Compact and modest are words that describe the quintessential components that a childhood treehouse suggests. Kiddies find refuge in these age-old dwellings, where they play “house” and stash their beetle collection.
Innocence at its best.
But just as with anything, there exists the high-end homes of the evergreen. Designer Dustin Feider demonstrates this with his customizable O2 Treehouse, built with recycled material in an opaque dome shape, sitting more than 50 feet above the ground. Or talk to Tom and Katy Cruise, who have plans to build their little Suri a house in the trees costing $100,000.
Pete Nelson, treehouse extraordinaire, has captured images and designs of his favorites in his book Treehouses of the World. Highlighting the majestic, Nelson admires a humble classic constructed out of local wood in Fall City, Washington, nostalgic of a much simpler time, and withstanding the force of a typhoon, a glistening copula on the Japanese island of Okinawa, used as a rest stop for backpackers.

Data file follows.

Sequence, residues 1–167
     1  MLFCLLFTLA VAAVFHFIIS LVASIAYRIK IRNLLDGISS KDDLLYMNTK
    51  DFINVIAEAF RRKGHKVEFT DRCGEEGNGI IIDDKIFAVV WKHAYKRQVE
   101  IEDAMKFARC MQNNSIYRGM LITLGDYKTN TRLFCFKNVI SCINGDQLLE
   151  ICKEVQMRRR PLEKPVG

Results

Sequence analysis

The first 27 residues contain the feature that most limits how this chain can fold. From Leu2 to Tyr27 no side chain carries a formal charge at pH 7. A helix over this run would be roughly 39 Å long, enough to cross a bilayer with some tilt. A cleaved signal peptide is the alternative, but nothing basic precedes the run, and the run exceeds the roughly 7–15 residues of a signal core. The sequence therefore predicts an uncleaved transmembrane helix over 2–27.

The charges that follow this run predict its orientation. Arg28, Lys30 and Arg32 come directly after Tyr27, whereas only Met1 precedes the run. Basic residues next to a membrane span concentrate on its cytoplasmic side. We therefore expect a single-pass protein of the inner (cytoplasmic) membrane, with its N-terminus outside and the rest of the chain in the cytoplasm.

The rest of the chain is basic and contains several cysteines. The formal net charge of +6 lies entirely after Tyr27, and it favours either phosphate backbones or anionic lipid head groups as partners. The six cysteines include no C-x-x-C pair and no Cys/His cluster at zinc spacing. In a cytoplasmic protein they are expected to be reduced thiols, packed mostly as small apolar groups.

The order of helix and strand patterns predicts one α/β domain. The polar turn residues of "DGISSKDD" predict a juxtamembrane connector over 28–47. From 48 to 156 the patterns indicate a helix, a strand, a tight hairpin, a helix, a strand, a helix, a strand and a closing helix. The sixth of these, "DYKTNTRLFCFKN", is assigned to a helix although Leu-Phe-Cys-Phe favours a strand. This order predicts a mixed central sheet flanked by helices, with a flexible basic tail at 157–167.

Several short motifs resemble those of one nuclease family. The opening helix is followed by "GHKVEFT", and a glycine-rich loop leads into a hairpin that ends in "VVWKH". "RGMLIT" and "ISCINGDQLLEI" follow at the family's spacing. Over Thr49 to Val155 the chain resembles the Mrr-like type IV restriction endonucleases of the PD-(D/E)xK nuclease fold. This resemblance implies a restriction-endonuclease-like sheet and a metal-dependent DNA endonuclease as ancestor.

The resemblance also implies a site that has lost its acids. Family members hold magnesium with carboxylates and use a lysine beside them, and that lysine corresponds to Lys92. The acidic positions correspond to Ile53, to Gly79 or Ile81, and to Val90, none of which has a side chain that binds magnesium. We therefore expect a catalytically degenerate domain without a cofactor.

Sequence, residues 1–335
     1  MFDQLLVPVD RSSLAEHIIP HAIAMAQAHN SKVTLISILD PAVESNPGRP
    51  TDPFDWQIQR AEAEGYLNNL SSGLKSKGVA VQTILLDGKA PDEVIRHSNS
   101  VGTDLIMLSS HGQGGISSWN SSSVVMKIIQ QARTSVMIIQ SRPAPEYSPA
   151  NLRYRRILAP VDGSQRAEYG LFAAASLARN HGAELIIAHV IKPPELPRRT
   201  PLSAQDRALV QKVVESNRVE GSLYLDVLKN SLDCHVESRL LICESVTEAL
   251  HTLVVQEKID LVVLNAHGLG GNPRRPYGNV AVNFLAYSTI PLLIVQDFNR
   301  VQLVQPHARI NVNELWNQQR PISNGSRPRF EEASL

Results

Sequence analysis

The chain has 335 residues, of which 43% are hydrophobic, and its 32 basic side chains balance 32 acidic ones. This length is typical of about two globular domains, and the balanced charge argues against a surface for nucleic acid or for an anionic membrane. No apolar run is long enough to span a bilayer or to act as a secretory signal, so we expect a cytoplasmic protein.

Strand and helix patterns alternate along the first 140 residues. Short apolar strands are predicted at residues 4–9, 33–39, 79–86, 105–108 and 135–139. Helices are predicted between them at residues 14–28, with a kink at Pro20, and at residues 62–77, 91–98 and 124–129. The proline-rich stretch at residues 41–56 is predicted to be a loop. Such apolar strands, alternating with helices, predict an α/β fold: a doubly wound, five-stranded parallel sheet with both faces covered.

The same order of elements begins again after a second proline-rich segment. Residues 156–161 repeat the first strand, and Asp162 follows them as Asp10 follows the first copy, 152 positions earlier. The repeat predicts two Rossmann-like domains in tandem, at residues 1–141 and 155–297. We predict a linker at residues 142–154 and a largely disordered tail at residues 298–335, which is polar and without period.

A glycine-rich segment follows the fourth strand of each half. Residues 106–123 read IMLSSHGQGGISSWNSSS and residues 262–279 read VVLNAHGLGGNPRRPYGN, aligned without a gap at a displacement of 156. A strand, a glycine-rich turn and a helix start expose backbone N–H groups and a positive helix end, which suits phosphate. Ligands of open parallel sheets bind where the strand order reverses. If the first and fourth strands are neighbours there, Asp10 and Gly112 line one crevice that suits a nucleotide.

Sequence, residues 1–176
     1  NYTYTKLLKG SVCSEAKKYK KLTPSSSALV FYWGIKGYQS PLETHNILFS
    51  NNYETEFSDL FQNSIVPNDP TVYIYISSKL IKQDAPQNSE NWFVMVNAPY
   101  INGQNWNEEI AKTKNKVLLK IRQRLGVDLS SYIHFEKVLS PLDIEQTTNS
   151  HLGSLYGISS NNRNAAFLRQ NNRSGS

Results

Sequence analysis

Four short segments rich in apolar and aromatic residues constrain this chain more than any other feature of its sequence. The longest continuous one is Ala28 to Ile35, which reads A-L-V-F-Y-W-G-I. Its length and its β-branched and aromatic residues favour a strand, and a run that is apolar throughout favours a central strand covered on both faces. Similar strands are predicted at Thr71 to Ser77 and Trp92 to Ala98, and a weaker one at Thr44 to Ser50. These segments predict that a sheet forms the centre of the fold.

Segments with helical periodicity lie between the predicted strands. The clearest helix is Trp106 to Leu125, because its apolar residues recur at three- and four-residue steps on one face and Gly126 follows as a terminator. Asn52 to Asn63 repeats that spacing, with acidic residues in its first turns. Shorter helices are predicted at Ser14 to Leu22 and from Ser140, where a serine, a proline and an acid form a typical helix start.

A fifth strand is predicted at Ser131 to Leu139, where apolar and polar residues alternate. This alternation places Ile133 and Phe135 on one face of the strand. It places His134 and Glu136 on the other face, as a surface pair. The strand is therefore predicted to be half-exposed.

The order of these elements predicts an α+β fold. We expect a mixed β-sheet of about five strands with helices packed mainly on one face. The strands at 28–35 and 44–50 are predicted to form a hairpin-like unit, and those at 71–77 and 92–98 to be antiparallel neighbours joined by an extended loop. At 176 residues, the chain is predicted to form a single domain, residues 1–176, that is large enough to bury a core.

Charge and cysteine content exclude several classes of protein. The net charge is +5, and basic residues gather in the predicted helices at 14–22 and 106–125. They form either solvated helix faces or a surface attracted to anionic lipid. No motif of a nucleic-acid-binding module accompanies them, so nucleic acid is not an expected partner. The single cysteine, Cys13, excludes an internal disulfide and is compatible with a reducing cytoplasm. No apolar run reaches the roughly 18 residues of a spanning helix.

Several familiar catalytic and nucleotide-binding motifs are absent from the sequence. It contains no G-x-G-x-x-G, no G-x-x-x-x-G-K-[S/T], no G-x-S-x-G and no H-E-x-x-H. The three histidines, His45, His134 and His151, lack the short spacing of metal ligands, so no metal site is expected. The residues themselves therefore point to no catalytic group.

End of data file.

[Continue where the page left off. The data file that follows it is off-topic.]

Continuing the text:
Right here in The States stands a house that breaks the standard of small and quaint. The Horace Cathedral, in Crossville, Tennessee, represents Horace Burgess’s way to get closer to God, the structure towering over the oak trees that act as its foundation.
Whatever the occasion, these extravagant versions of a cherished remnant of youth seem to have risen to a higher caliber.